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Setting CORS Rules on Object Storage buckets

Reviewed on 23 November 2023Published on 19 May 2021

The CORS standard describes new HTTP headers which provide browsers a way to request remote URLs only when they have permission. Although some validation and authorization can be performed by the server, it is generally the browser’s responsibility to support these headers and honor the restrictions they impose.

Before CORS became standardized, it was not possible to call an API endpoint or other content under different domains for security reasons. This was (and to some degree still is) blocked by the Same-Origin Policy introduced with Netscape Navigator 2.0 in 1995.

An example of a cross-origin request: The frontend JavaScript code for a web application served from http://webapplication.com uses XMLHttpRequest to make a request for http://customerapi.io/data.json. Another example might be JavaScript that calls files in an Object Storage bucket, like web fonts, downloads, etc. It is possible to configure CORS for each bucket with aws-cli.

Before you start

To complete the actions presented below, you must have:

  • A Scaleway account logged into the console
  • Owner status or IAM permissions allowing you to perform actions in the intended Organization
  • Installed the AWS CLI
  • An Object Storage bucket

Setting CORS on an Object Storage bucket

  1. Enter the Object Storage section in the left menu of the console.

  2. Create a new bucket or choose one of your existing buckets.

  3. The CORS configuration should be provided in a json file. Create a new file called cors.json locally, open it in a text editor and copy the following content into the file before saving it.

    {
    "CORSRules": [
    {
    "AllowedOrigins": ["http://MY_DOMAIN_NAME", "http://www.MY_DOMAIN_NAME"],
    "AllowedHeaders": ["*"],
    "AllowedMethods": ["GET", "HEAD", "POST", "PUT", "DELETE"],
    "MaxAgeSeconds": 3000,
    "ExposeHeaders": ["Etag"]
    }
    ]
    }
    Note

    Replace http://MY_DOMAIN_NAME with the domain name to authorize for CORS. You can specify multiple domain names, or put an asterisk (*) to allow all domains.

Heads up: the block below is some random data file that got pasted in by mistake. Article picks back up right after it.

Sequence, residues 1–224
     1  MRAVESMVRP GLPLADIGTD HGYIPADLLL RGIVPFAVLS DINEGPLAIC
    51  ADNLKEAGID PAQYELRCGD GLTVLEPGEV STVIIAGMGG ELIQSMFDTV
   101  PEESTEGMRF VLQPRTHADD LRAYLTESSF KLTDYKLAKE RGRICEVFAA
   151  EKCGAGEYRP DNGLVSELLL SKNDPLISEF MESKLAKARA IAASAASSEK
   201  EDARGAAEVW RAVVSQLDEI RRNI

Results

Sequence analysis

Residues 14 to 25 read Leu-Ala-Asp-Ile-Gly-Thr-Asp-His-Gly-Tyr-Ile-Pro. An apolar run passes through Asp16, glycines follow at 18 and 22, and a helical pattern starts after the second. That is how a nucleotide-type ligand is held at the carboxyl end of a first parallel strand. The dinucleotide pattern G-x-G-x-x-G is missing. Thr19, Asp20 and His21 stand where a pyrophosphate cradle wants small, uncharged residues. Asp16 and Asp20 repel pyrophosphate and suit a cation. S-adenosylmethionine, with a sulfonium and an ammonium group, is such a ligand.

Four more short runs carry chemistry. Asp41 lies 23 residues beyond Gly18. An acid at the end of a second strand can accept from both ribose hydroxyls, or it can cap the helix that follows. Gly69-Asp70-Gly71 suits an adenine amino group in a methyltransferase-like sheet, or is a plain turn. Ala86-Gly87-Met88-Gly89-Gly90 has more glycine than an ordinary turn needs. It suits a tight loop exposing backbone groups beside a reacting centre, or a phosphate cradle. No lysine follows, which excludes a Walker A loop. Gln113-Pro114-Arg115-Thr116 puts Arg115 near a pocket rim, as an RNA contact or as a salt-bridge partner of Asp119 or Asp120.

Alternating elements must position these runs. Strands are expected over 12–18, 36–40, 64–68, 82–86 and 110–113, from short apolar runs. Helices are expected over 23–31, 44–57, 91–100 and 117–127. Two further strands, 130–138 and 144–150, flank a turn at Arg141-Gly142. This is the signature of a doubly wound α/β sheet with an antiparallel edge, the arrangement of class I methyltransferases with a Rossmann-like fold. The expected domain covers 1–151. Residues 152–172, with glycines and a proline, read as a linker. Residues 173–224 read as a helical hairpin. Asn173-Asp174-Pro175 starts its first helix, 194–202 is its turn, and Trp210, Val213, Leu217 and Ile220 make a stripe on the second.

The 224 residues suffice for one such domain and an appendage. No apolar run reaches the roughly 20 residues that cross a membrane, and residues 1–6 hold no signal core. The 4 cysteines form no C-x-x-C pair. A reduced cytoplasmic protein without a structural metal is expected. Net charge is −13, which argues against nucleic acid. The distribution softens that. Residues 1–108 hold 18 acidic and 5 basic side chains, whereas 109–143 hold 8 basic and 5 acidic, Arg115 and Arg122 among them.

4. Set the CORS configuration of the bucket with AWS CLI:

    aws s3api put-bucket-cors --bucket BUCKETNAME --cors-configuration file://cors.json
    Note

    Replace BUCKETNAME with the name of the bucket.

Getting the CORS configuration of a bucket

To retrieve the CORS rules of a bucket, use aws-cli:

aws s3api get-bucket-cors --bucket BUCKETNAME

If CORS rules are set for the bucket, the API returns a JSON list like this example:

{
"CORSRules": [
{
"AllowedHeaders": [
"*"
],
"AllowedMethods": [
"GET",
"HEAD",
"POST",
"PUT",
"DELETE"
],
"AllowedOrigins": [
"http://MY_DOMAIN_NAME",
"http://www.MY_DOMAIN_NAME"
],
"ExposeHeaders": [
"Etag"
],
"MaxAgeSeconds": 3000
}
]
}

If there are no CORS rules set for the bucket, an error message appears:

An error occurred (NoSuchCORSConfiguration) when calling the GetBucketCors operation: The CORS configuration does not exist

Verifying the CORS configuration of a bucket

To verify the CORS rules of a bucket, curl can be used with the different methods (GET, POST, …)

For example:

curl -X OPTIONS -H 'Origin: http://MY_DOMAIN_NAME' http://BUCKETNAME.s3.nl-ams.scw.cloud/index.html -H "Access-Control-Request-Method: GET"

Deleting the CORS configuration of a bucket

To delete the CORS rules of a bucket, use aws-cli:

aws s3api delete-bucket-cors --bucket BUCKETNAME
Note

If the operation is successful, no output returns.

Refer to our documentation for more information on CORS and the Object Storage features.

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